The Kirk family's son, Tanner, survived an attempted suicide -- but not without lifelong injuries. Tanner suffers from a condition called dystonia.
Tanner was 13 when he tried to hang himself. His family says he was an active kid who liked to play sports and did well in school. Tanner says he does not remember why he wanted to die, while his mother says she does not understand what went wrong.
"I didn't see the signs of depression and it wasn't like I was naive," said Tanner's mother Shelsee Kirk.
After two years, Tanner is still learning to deal with dystonia, a neurological disorder that has made him dependent on a wheelchair and needing a device to vocalize for him. The most basic of tasks are a challenge for him.
"My body has become a dark and lonely prison when I go out in the world," said Tanner. "I don't want anyone to make the same mistake I made."
His life has changed drastically, but Shelsee says they are lucky to have him alive.
"As hard as we have it, we're the lucky family. We didn't lose Tanner. I can still hug him at night," says Shelsee.
But many Utah families affected by teen suicide are forever at a loss, including Aleicia and Darren Lewis. They lost their son Justin to suicide back in 2009.
"It's hard. Every day is a struggle," says Aleicia.
The Cyprus High student was the captain of his school's football team, but the 18-year-old injured himself on the field his senior year and couldn't play for weeks.
His parents call it the perfect storm. Justin skipped school and they caught him drinking, so he was punished and was not allowed to go a World Series party with them.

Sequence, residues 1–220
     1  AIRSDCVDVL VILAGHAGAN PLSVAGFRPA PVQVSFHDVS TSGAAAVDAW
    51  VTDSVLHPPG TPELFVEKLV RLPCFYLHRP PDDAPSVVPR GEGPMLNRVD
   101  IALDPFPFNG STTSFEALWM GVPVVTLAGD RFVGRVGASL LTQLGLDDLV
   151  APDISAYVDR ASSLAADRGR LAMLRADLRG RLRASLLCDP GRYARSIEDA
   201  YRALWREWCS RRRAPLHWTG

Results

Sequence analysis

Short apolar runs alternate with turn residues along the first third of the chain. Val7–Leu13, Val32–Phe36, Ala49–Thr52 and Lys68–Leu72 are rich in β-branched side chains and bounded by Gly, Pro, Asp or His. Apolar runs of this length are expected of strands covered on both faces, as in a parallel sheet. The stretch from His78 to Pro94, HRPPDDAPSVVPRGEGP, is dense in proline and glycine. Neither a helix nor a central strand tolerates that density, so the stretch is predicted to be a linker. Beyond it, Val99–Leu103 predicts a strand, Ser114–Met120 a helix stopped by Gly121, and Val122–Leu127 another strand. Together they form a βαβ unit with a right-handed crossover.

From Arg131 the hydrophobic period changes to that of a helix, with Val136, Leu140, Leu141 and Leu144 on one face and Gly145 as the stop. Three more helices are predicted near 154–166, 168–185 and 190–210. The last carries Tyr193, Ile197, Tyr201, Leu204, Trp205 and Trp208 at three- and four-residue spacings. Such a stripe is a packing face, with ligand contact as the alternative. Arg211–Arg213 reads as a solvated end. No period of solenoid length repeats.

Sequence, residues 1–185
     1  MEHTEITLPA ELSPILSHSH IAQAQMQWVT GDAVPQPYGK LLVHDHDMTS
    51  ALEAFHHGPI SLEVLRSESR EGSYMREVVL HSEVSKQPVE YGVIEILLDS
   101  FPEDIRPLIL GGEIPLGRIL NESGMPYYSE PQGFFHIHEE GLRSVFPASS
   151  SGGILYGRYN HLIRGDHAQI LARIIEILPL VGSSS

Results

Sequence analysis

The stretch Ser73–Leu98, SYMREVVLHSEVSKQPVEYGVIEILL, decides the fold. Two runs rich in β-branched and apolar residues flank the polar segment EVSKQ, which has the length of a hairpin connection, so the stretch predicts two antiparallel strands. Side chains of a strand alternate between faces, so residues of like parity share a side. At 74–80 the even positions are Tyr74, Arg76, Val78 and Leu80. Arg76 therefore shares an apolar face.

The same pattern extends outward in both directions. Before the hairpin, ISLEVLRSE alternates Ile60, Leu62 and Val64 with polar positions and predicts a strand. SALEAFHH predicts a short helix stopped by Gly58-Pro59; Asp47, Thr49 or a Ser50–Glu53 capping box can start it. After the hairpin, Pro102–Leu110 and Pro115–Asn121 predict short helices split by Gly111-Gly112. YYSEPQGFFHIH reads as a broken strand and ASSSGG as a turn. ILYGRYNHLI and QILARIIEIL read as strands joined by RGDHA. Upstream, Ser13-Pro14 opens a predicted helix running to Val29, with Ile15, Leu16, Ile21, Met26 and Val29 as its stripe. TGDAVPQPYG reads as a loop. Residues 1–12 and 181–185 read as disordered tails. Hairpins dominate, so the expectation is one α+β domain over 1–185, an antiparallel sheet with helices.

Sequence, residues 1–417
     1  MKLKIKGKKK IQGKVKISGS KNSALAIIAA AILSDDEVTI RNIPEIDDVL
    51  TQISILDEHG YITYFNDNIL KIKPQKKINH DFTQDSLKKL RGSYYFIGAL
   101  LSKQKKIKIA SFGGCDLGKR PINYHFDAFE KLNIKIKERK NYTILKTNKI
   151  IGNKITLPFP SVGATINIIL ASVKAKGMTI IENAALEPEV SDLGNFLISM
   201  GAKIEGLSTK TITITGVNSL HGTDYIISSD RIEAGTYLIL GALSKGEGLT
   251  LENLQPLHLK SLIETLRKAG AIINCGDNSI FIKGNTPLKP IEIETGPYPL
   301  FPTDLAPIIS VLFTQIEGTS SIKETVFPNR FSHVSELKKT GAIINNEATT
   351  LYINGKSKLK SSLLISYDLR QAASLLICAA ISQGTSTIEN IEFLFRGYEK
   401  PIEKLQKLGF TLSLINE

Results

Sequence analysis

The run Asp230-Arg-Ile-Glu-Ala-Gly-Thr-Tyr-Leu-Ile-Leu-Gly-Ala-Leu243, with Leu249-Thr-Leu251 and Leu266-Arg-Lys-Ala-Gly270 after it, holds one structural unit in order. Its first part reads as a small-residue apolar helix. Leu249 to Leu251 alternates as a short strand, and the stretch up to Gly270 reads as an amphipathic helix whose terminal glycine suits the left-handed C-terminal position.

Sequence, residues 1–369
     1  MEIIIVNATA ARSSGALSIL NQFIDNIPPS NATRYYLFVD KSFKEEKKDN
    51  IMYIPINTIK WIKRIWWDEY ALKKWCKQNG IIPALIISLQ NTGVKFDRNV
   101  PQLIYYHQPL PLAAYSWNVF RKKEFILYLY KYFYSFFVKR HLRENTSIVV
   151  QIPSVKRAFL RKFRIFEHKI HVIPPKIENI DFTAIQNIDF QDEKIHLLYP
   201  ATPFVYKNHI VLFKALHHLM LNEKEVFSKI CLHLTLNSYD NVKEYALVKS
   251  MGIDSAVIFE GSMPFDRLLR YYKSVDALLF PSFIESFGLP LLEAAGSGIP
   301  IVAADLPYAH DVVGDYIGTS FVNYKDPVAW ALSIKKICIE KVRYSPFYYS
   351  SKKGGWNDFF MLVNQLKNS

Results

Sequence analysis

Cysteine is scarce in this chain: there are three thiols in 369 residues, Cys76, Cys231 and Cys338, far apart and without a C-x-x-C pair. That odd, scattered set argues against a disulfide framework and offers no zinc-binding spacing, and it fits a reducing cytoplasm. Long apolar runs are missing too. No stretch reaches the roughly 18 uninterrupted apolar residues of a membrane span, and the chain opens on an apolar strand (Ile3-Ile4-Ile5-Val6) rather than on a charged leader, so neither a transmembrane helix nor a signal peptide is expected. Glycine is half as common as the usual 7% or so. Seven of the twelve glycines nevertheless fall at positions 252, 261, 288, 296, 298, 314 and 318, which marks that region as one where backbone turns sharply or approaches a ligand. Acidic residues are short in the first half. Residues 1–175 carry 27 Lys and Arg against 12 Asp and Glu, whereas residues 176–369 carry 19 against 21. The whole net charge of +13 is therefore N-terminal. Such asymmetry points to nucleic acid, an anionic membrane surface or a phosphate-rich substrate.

Justin was upset, and after an argument with his girlfriend, coupled with his disappointed parents, he threatened to kill himself.
Alecia and Darren rushed home to check on their son.
"When we pulled up to the house, he was looking out the office window. And as a parent you take that deep breath that he's OK," said Darren.
But Darren was not OK. When they entered the home he shot himself in the heart.
The Lewis family still do not understand why their son wanted to die.
"I was angry at him. I was upset that he would even think that because that wasn't Justin," said Darren.
Justin’s parents take part in an annual fundraiser with the Fallen Brothers Foundation to raise awareness about suicide. Justin's name is now listed under "Loved Ones Lost."
Every day since Justin’s death, his parents have made it their mission to talk to teens about suicide. They say it is a subject that is often considered taboo to speak about. But with Utah having one of the highest rates of teen suicide in the country, they say it is time to discuss and educate people about the subject.
See more about suicide prevention in “Preventing Teen Suicide” from part two of this report: